Archive for the 'languages' Category

libgmp.so missing in Ubuntu 10.04?

When programming Haskell, I usually hack in a GHCi interactive session.  So I was surprise when I tried to make a test executable the other day:

ralph@vegeta:~/src/haskell$ ghc --make Hello
[1 of 1] Compiling Main             ( Hello.hs, Hello.o )
Linking Hello ...
/usr/bin/ld: cannot find -lgmp
collect2: ld returned 1 exit status

libgmp is a library for arbitrary precision arithmetic, which is something Haskell does well. So, I was surprise that I was getting this message. The obvious solution is install the Ubuntu package for libgmp:

ralph@vegeta:~/src/haskell$ sudo apt-get install libgmp3c2
Reading package lists... Done
Building dependency tree       
Reading state information... Done
libgmp3c2 is already the newest version.
0 upgraded, 0 newly installed, 0 to remove and 44 not upgraded.

Well that was strange!  So, I searched for libgmp on my system:

ralph@vegeta:~/src/haskell$ find /usr/lib/ -name libgmp*
/usr/lib/ssl/engines/libgmp.so
/usr/lib/libgmp.so.3.5.2
/usr/lib/libgmp.so.3

There is no libgmp.so symlink, so I just created one:

ralph@vegeta:~/src/haskell$ cd /usr/lib 
ralph@vegeta:/usr/lib$ sudo ln -s libgmp.so.3 libgmp.so

Now everything compiles and links:

ralph@vegeta:~/src/haskell$ ghc --make Hello
[1 of 1] Compiling Main             ( Hello.hs, Hello.o )
Linking Hello ...

Installing clbuild

After frustration with using an older version of sbcl and using asdf-install, I decided to try clbuild.  clbuild is a shell script that allows me to keep my lisp environment updated.  It is a little different from asdf-install, because it does not download tarballs, it gets the source code directly from their respective source code repositories.

So, the first thing I did was to get clbuild itself.  For some reason, I did not have darcs installed, so I had to install that first on my Kubuntu laptop:

~$ sudo apt-get install darcs

After that, use darcs to get clbuild:

~$ darcs get http://common-lisp.net/project/clbuild/clbuild

Make clbuild executable:


~$ cd clbuild
~/clbuild$ chmod +x clbuild

As far as I can tell, you need to run clbuild from this directory. So, the next step is to do a system check:


~/clbuild$ ./clbulid check

Now, time to get an update to sbcl. With my system, sbcl is natively located in my bin directory:


~/clbuild$ which sbcl
/usr/bin/sbcl
~/clbuild$ sbcl --version
SBCL 1.0.18.debian

Now, using clbuild to download and compile the latest version of sbcl:


~/clbuild$ ./clbuild update sbcl
~/clbuild$ ./clbuild compile-implementation sbcl

After a long wait, an sbcl implementation was placed in ~/clbuild/target/bin. To run it, use clbuild again:


~/clbuild$ ./clbuild lisp
This is SBCL 1.0.38.5, an implementation of ANSI Common Lisp.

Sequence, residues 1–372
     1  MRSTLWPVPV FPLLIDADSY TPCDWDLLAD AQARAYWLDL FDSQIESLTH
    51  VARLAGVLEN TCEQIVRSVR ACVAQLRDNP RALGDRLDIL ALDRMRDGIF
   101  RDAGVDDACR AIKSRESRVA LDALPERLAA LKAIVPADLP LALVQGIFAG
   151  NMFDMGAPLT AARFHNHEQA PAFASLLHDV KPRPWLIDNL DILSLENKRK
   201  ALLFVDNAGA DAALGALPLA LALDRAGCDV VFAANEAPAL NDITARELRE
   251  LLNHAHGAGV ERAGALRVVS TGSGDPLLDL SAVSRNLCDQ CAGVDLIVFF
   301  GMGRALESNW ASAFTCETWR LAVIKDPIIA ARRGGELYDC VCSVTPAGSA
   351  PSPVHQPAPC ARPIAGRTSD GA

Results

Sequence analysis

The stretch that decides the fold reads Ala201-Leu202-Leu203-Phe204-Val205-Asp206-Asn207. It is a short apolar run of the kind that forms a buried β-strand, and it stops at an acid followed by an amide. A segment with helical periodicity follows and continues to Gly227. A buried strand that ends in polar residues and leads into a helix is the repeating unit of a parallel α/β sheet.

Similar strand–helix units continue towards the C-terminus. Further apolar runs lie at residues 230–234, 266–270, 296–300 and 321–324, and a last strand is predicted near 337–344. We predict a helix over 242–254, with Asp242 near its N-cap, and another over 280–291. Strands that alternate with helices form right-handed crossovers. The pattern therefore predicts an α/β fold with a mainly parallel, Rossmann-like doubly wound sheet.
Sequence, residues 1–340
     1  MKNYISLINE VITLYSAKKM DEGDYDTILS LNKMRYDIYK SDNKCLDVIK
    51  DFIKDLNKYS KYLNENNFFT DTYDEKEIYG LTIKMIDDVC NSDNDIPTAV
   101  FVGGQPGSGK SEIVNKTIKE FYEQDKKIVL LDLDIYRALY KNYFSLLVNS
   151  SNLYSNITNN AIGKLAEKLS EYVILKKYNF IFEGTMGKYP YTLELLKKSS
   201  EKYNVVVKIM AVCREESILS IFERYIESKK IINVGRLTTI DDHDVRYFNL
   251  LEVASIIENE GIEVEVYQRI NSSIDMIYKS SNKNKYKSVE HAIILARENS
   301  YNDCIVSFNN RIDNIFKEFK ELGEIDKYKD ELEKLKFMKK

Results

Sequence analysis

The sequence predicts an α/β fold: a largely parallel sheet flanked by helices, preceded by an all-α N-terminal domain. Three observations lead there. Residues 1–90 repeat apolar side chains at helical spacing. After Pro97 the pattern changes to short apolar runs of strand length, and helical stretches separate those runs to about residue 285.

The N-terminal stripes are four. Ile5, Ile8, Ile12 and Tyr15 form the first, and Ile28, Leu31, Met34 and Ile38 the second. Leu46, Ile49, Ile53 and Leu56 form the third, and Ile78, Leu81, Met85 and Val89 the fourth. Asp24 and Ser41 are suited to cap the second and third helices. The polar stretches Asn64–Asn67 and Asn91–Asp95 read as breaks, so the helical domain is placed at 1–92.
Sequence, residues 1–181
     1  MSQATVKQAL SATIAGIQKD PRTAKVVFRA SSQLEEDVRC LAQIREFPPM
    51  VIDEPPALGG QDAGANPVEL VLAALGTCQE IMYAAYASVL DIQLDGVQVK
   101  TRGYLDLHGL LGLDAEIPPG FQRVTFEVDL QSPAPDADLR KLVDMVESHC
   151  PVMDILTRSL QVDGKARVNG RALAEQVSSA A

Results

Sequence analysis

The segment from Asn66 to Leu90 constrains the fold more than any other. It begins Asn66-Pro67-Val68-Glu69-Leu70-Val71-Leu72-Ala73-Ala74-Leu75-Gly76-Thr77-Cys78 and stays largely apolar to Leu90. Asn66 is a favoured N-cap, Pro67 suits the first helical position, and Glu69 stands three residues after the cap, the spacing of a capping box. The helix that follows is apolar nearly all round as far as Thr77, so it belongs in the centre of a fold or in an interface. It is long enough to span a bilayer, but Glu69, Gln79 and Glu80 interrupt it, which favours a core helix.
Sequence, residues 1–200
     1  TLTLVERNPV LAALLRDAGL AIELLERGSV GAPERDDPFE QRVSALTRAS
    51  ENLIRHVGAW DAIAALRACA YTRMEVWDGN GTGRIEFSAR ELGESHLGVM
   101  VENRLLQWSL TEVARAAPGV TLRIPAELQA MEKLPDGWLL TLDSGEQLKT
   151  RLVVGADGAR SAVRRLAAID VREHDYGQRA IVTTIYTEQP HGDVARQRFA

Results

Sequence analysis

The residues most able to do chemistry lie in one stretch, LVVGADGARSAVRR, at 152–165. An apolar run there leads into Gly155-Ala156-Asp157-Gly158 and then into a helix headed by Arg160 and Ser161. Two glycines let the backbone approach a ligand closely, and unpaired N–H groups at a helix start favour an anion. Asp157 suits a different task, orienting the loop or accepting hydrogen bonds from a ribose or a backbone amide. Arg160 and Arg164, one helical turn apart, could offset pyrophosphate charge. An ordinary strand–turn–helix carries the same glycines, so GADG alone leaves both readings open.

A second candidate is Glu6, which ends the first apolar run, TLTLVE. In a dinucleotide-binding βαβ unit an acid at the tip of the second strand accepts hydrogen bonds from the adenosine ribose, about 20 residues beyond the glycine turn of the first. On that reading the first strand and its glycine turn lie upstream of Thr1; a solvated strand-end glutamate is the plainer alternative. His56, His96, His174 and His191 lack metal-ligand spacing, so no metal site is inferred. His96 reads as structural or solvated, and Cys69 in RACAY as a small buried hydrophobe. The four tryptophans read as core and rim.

More information about SBCL is available at <http://www.sbcl.org&gt;.
*

So, clbuild is using the newest version, but my older implementation is still there. Next time, I will set up SLIME with Emacs to point to this new target.

Nested Map

I was in the #lisp chat room at Freenode when someone posed a question about performing a map function over a nested lists. This was an interesting problem, so I thought that I would cover it here.

Suppose there was a complex tree of numbers:

((1 2) (3 4))

And you want to map each to a function (let’s say a squaring function) and maintain its structure. This is where a good utility function would be in order. The function must be able to handle trees of an unknown structure. So, the only solution that I know would be to use recursion:

(defun nested-map (fn item)
    (cond ((null item) nil)
          ((atom item)   (funcall fn item))
          ((consp item) (cons (nested-map fn (car item))
                                 (nested-map fn (cdr item))))))

Even though it looks complex, the function seems correct:

CL-USER> (nested-map #'(lambda (x) (* x x))
           '((1 2) (3 4)))
((1 4) (9 16))
CL-USER> (nested-map #'(lambda (x) (* x x))
           '(1 2 (3 4 (5 6 7))))
(1 4 (9 16 (25 36 49)))

I think I’ll keep this in my utility toolkit. I am concerned about the performance, but I won’t worry too much about it until it becomes a problem.

Groovy Baby, Yeah!

groovybabyWorking in mostly M$ shops in the past 10 years or so, coupled with my home projects in the functional languages, I don’t get to do much with Java or the JVM anymore.  But today, it was treated to my first experience in programming in Groovy.  The tool that I use to test SOAP web services, SoapUI, is built upon Java and uses the Groovy as embedded scripting language to manipulate the testing environment.